By Rabbi Yair Hoffman
A young woman had some extra heart tissue, which caused an irregular heartbeat. She had ablation surgery, and she is fine now. Do her parents have to disclose the surgery?
Another young woman is deaf in one ear. Must her parents disclose?
A third young lady has alternating esotropia–she can only see out of one eye at a time. She had strabismus surgery but it did not allow for fusing of her eyesight. Must this be disclosed?
A young man was the product of an intermarriage–his father was a gentile. He is also an accomplished talmid chacham. Must his situation be revealed?
If disclosure is halachically required, what is the time element? Should it be done before the first date? Also, do they tell the shadchan, the parents, or just the guy or girl?
Truth In Sales
In regard to the sale of an item, the halachah is quite clear. All negative information must be disclosed when selling an item if most people would consider it a possible deal-breaker. Does the same hold true for shidduchim?
The Steipler Gaon, zt’l, father of Rav Chaim Kanievsky, in his Sefer Kehilas Yaakov on Yevamos (Siman 44), writes that shidduchim are different than sales of items. The sages were more lenient in order to allow people to get married. He cites a Gemara in Yevamos where Rabbi Yehuda advises someone to go to a different town where they do not know his lineage, and marry there. The Steipler adds that one should not rely on this halachah l’ma’aseh.
There are some complications with this proof because both townspeople erroneously believed that having a gentile father created a mamzeirus, illegitimacy, when, in fact, it does not.
Regardless, the Chasam Sofer cites this Gemara (Responsa EH Vol. II #125) as a proof that one can temporarily suppress information in order to fulfill the mitzvah of pru u’rvu. The indication of the Kehilas Yaakov is that the information can be obscured indefinitely.
Rav Malkiel Tanenbaum, zt’l (1847—-1910), author of the Divrei Malkiel (Volume III #90), holds a position diametrically opposed to that of the Steipler. The Divrei Malkiel holds that even if the majority of people would not care about the information, one must be concerned that the potential shidduch is from the minority of people who would be concerned.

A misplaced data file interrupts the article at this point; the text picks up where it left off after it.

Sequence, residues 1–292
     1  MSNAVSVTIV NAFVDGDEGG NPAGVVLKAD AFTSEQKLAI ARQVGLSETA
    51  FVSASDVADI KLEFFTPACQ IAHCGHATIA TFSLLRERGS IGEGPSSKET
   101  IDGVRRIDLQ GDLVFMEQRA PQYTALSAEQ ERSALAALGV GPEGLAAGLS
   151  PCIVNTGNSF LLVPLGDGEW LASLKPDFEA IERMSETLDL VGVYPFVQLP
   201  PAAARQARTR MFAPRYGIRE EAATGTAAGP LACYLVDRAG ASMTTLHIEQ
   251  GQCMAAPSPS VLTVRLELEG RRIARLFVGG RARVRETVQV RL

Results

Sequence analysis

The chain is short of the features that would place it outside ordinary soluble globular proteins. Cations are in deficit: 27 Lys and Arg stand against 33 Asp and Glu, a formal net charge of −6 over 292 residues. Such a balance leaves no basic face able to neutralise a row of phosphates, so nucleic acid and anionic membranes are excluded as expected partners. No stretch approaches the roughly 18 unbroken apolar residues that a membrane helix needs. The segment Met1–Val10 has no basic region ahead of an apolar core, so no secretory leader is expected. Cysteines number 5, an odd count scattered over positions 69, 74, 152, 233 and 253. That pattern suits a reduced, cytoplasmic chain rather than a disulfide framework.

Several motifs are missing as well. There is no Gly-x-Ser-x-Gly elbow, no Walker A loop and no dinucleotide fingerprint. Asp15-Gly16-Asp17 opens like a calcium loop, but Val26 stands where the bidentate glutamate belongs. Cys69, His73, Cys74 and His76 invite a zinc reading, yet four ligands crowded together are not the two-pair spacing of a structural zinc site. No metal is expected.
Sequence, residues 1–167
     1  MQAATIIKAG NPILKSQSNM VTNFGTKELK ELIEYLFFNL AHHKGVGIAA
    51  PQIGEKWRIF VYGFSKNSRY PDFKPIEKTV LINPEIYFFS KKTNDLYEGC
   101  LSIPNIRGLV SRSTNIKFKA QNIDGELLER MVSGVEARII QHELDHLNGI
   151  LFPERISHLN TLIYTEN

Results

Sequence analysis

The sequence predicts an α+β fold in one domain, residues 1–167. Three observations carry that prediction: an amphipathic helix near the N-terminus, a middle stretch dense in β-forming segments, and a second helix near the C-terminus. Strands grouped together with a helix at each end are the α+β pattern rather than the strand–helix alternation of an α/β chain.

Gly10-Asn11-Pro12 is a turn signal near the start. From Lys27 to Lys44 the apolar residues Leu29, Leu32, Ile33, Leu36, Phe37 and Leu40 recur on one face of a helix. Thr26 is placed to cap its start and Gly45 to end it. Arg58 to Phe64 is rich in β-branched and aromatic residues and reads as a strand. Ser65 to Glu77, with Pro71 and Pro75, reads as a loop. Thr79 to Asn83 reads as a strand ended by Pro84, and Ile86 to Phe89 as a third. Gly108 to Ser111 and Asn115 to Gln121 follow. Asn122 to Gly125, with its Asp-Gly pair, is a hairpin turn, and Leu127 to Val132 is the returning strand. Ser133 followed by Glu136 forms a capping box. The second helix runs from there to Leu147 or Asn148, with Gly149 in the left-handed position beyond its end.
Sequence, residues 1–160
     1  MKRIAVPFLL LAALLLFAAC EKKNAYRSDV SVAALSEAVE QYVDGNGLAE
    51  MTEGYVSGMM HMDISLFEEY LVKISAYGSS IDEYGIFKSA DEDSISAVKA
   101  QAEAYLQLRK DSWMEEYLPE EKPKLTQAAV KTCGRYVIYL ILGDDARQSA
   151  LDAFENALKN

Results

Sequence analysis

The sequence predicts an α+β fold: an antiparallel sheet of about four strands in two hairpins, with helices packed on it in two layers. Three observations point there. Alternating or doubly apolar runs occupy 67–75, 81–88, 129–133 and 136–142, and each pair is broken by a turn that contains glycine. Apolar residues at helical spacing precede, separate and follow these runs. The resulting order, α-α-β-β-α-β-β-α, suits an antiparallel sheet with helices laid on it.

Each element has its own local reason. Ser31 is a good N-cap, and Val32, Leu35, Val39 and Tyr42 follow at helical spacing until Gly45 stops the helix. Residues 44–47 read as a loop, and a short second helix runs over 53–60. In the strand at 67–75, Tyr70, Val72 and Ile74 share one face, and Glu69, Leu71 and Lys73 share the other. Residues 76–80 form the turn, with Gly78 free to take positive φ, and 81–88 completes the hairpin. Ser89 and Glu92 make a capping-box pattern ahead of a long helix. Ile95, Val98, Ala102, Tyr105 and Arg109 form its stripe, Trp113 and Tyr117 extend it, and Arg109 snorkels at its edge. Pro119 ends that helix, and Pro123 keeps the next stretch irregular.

The FAQs Of Life
The Steipler has another qualification. He states that according to Tosfos (Chullin 94a “Inhu”), if it is an issue that is generally inquired about, then there is no obligation to reveal. However, if it is something that people do not generally inquire about, then one would be obligated to reveal. Matters relating to yichus (genealogy) are generally looked into. It would seem that health issues are also inquired of rather regularly.
Clearly, there are matters that should definitely be revealed.
Rav Moshe Feinstein, zt’l writes (Igros Moshe E.H. IV 73:2) that a 25-year-old young man who has Marfan Syndrome is obligated to reveal it to his future spouse. (Marfan Syndrome is a genetic disorder of connective tissue, where those who have the syndrome tend to be tall and thin, with long arms, legs, fingers, and toes. They typically have flexible joints and scoliosis. The most serious complications involve the heart and aorta with an increased risk of mitral valve prolapse and aortic aneurysm. Other commonly affected areas include the lungs, eyes, bones, and the covering of the spinal cord.)
Rav Shmuel Vosner (Sheivet HaLevi Volume VI #205) indicates the same position in a responsum concerning a single girl suffering from a dermatological disorder where she had lost all her hair and wears a sheitel. Rav Waldenberg, the Tzitz Eliezer (Vol. XIII #81:2), writes that a doctor has an obligation to reveal information that will do damage to another party, notwithstanding issues of legal and professional obligations of confidentiality.
Rav Elyashiv (Kovetz Teshuvos Vol. I #159) rules in one case that even if the information of improper premarital activity would never be known otherwise, there is still an obligation to reveal it. In regard to other matters, however, the debate between the Divrei Malkiel and the Steipler has not been fully resolved. Anyone with this question must consult with his own posek or qualified rav.
It is this author’s experience, however, that it is always a good idea to be as forthcoming as possible, and rather have bitachon that one’s bashert will eventually come along.
Rereading The Gemara
How would the poskim who rule that one must inform understand the Gemara in Yevamos cited by the Steipler Gaon? Perhaps the advice given was to suppress the information to the family members of the prospective bride, but actually to inform the bride herself. One contemporary posek provides such a reading of the Gemara.
Good Advice Or Obligation?
Dayan Yitzchak Weiss, zt’l, the rav of the Eida Chareidis in Yerushalayim, in his Minchas Yitzchak (7:93) cites the Sefer Chassidim (#507) regarding an issue having to do with safrus. The Sefer Chassidim writes that a person needing to get married should not cover up a serious malady among his household that, if it were to be revealed, would cause the other party to not marry him or her. Dayan Weiss cites this Sefer Chasidim as authoritative, and it would seem that this is an obligation–not merely good advice.
The Sefer Chassidim, as a general rule, often discusses matters beyond halachah. It may therefore be possible to view the Sefer Chassidim quoted above by Dayan Weiss as merely good advice, but the manner in which Rav Moshe, Rav Waldenberg, and Rav Vosner discuss the obligation seems to indicate that the issue lies beyond mere good advice, and is a full-blown obligation.
Source Of Obligation
From where, then, would this obligation stem? There may actually be four or more mitzvos involved here:
- Ve’ahavta l’rei’acha kamocha–Love thy neighbor as thyself;
- Lo sa’amod al dam rei’acha–Do not stand idly by thy brother’s blood;
- Hashavas aveidah–Returning a lost item to its owner. This can be found in the Pischei Teshuvah in Orech Chaim (Chapter 156);